The USDA’s Natural Resources Conservation Service (NRCS) has announced funding for Accelerating Chesapeake Bay Watershed Implementation Plans, a Regional Conservation Partnership Program (RCPP) project led by the Maryland Department of Agriculture (MDA). The project will boost implementation of conservation measures to meet resource protection and nutrient reduction goals of Total Maximum Daily Loads (TMDLs) in the Chesapeake Bay Watershed.
NRCS will provide $5.5 million in funding to assist landowners in Maryland, Virginia, and Delaware over five years through RCPP, which will leverage another $8.5 million in contributions from MDA and additional state and private partners.
“RCPP brings together partners like the Maryland Department of Agriculture to design conservation projects that are tailored to our needs here in Maryland,” said Terron Hillsman, Ph.D., Maryland State Conservationist. “This project leverages significant funding to help farmers tackle some of our biggest natural resource challenges in the Chesapeake Bay Watershed.”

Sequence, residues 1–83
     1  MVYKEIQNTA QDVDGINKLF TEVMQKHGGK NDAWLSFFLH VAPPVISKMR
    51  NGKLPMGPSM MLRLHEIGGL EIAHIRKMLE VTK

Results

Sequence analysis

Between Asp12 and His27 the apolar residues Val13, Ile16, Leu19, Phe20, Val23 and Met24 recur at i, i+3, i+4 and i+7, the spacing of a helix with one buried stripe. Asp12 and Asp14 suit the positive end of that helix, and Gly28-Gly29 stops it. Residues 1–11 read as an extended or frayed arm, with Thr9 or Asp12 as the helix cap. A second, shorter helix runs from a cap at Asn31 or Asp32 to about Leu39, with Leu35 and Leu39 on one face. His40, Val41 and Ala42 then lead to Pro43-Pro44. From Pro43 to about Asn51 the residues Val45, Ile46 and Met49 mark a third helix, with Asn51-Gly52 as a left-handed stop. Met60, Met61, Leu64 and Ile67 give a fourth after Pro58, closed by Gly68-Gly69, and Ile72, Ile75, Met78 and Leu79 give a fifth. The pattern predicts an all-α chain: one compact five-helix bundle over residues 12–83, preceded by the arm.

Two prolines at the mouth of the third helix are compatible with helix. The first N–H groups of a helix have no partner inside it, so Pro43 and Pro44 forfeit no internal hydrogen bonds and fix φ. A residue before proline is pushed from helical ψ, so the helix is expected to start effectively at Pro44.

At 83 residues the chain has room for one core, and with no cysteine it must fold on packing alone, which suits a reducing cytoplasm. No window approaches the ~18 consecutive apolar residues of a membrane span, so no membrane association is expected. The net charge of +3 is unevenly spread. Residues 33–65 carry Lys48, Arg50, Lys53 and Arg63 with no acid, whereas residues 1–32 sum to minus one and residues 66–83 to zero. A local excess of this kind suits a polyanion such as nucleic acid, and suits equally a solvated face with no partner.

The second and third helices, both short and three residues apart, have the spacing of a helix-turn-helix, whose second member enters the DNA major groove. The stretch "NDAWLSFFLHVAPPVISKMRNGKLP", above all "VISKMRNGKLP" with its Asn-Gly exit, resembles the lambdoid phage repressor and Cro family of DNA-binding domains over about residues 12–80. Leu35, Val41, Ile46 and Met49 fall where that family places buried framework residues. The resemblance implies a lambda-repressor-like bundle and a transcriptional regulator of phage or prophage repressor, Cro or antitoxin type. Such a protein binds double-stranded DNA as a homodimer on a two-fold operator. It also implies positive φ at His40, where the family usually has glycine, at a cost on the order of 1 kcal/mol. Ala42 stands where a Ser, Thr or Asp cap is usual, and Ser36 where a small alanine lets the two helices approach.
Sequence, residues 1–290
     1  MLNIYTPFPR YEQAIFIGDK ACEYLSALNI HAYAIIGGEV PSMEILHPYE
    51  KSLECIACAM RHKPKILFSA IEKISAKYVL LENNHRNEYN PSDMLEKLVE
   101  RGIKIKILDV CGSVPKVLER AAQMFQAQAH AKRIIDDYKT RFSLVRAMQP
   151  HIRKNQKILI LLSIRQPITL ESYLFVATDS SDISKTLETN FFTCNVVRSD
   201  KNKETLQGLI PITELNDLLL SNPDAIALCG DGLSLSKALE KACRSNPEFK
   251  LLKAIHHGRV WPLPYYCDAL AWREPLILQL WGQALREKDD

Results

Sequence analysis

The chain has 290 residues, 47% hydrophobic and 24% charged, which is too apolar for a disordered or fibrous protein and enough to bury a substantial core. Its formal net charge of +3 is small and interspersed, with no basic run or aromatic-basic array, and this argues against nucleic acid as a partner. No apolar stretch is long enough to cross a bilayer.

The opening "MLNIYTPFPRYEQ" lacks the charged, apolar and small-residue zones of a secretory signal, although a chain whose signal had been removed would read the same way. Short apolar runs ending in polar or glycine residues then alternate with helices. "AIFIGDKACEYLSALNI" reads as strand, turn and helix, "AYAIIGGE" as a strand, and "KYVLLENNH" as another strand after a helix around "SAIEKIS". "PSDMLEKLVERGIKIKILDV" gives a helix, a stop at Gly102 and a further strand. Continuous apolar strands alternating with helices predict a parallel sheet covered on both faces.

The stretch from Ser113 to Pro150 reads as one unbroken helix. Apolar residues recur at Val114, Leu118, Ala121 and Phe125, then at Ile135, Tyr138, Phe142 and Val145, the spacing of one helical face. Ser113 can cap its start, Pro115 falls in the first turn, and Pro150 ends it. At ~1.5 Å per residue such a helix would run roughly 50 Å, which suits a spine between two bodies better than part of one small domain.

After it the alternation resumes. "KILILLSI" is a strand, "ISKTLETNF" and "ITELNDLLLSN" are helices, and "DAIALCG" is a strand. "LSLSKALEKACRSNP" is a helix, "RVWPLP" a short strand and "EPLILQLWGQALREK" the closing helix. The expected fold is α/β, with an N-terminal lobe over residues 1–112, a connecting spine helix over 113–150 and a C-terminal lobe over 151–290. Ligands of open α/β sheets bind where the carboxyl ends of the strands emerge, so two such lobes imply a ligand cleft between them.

Authorized under the 2014 Farm Bill, RCPP is USDA’s new, innovative program that promotes coordination between NRCS and its partners to deliver conservation assistance to producers and landowners. Accelerating Chesapeake Bay Watershed Implementation Plans is one of six RCPP projects impacting Maryland.
“The Maryland Department of Agriculture is pleased to partner with NRCS on this project to address animal waste management concerns in the Chesapeake Bay Watershed and help farmers implement practices to avoid winter application of manure,” said Maryland Agriculture Secretary Joe Bartenfelder. “RCPP allows us to increase assistance our farmers need to meet the water quality goals in the region.”
Nearly $2.1 million is now available in Maryland to help farmers implement animal waste management conservation practices. Producers that are interested in waste storage facilities, ag waste pumping plants, heavy use areas, and solid/liquid waste separation facilities are encouraged to visit their local USDA Service Center to apply.